Restoration

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Posted September 06, 2012 in The Pope's Corner:
The Door of Faith

by Pope Benedict XVI.

The "door of faith" (Acts 14:27) is always open for us, ushering us into the life of communion with God and offering entry into his Church….

To enter through that door is to set out on a journey that lasts a lifetime.

It begins with baptism (cf. Rom 6:4), through which we can address God as Father, and it ends with the passage through death to eternal life, fruit of the resurrection of the Lord Jesus, whose will it was, by the gift of the Holy Spirit, to draw those who believe in him into his own glory (cf. Jn 17:22).

To profess faith in the Trinity—Father, Son and Holy Spirit—is to believe in one God who is Love (cf. 1 Jn 4:8): the Father, who in the fullness of time sent his Son for our salvation; Jesus Christ, who in the mystery of his death and resurrection redeemed the world; the Holy Spirit, who leads the Church across the centuries as we await the Lord’s glorious return.

Ever since the start of my ministry as Successor of Peter, I have spoken of the need to rediscover the journey of faith so as to shed ever clearer light on the joy and renewed enthusiasm of the encounter with Christ.

During the homily at the Mass marking the inauguration of my pontificate I said: "The Church as a whole and all her pastors, like Christ, must set out to lead people out of the desert, towards the place of life, towards friendship with the Son of God, towards the One who gives us life, and life in abundance."

It often happens that Christians are more concerned for the social, cultural and political consequences of their commitment, continuing to think of the faith as a self-evident presupposition for life in society.

In reality, not only can this presupposition no longer be taken for granted, but it is often openly denied.

Whereas in the past it was possible to recognize a unitary cultural matrix, broadly accepted in its appeal to the content of the faith and the values inspired by it, today this no longer seems to be the case in large swaths of society, because of a profound crisis of faith that has affected many people.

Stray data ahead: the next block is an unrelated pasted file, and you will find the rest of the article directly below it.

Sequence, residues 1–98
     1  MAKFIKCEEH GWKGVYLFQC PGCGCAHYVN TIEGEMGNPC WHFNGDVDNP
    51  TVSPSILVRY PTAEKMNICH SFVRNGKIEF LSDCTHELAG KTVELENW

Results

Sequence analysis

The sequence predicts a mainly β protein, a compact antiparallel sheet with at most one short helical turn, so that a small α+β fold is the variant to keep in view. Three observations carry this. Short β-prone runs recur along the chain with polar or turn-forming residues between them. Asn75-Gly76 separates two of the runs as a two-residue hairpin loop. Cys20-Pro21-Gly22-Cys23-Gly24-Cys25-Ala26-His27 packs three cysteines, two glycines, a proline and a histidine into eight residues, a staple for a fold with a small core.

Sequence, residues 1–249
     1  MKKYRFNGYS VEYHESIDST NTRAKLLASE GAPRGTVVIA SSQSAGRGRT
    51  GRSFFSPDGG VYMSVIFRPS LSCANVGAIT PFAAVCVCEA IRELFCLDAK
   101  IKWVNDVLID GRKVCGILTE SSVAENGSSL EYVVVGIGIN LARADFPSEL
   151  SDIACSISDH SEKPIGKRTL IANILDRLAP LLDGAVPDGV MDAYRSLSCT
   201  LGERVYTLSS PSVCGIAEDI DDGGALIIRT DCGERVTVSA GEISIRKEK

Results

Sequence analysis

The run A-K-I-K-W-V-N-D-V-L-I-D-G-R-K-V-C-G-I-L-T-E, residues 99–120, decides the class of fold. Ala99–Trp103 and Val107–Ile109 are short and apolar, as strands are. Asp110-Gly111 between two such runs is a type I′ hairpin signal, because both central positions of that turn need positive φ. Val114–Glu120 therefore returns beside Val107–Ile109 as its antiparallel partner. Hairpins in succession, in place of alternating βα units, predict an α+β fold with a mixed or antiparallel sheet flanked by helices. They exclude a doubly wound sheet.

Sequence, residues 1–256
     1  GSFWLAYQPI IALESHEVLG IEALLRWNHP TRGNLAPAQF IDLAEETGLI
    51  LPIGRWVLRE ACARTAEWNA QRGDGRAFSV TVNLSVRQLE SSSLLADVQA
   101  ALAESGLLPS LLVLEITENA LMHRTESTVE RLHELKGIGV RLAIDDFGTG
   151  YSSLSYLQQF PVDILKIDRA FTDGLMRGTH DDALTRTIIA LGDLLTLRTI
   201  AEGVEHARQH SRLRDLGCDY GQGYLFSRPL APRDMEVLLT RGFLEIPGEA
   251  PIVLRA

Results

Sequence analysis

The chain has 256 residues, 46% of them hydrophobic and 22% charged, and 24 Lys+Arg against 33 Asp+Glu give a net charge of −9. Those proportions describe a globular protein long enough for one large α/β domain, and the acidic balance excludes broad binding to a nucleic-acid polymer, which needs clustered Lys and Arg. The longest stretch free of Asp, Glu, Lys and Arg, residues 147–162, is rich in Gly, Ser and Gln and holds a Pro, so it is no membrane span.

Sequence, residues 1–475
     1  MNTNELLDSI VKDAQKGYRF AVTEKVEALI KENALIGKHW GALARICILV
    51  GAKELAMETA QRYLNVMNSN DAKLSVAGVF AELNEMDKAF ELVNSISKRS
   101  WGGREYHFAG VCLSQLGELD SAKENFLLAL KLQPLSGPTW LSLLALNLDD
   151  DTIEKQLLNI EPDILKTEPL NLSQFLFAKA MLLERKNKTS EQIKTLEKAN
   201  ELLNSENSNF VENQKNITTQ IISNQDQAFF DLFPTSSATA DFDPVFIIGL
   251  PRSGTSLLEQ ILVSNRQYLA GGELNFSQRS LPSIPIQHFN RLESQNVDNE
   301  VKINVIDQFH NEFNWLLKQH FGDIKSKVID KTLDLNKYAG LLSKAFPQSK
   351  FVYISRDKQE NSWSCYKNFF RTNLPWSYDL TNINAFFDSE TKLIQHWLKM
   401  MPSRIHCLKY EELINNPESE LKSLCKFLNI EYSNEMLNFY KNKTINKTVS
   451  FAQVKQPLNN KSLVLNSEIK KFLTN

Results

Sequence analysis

We cannot accept that salt should become tasteless or the light be kept hidden (cf. Mt 5:13-16). The people of today can still experience the need to go to the well, like the Samaritan woman, in order to hear Jesus, who invites us to believe in him and to draw upon the source of living water welling up within him (cf. Jn 4:14).

We must rediscover a taste for feeding ourselves on the word of God, faithfully handed down by the Church, and on the bread of life, offered as sustenance for his disciples (cf. Jn 6:51).

Indeed, the teaching of Jesus still resounds in our day with the same power: Do not labor for the food which perishes, but for the food which endures to eternal life (Jn 6:27).

The question posed by his listeners is the same that we ask today: What must we do, to be doing the works of God? (Jn 6:28). We know Jesus’ reply: This is the work of God, that you believe in him whom he has sent (Jn 6:29). Belief in Jesus Christ, then, is the way to arrive definitively at salvation.

In the light of all this, I have decided to announce a Year of Faith. It will begin on October 11, 2012, the fiftieth anniversary of the opening of the Second Vatican Council, and it will end on the Solemnity of Our Lord Jesus Christ, Universal King, on 24 November 2013.

The starting date of October 11, 2012 also marks the twentieth anniversary of the publication of the Catechism of the Catholic Church, a text promulgated by my predecessor, Blessed John Paul II, with a view to illustrating for all the faithful the power and beauty of the faith.

Excerpted from Porta Fidei (Door of Faith), the apostolic letter for the indiction of the Year of Faith, #1-4, October 11, 2011.

 

 

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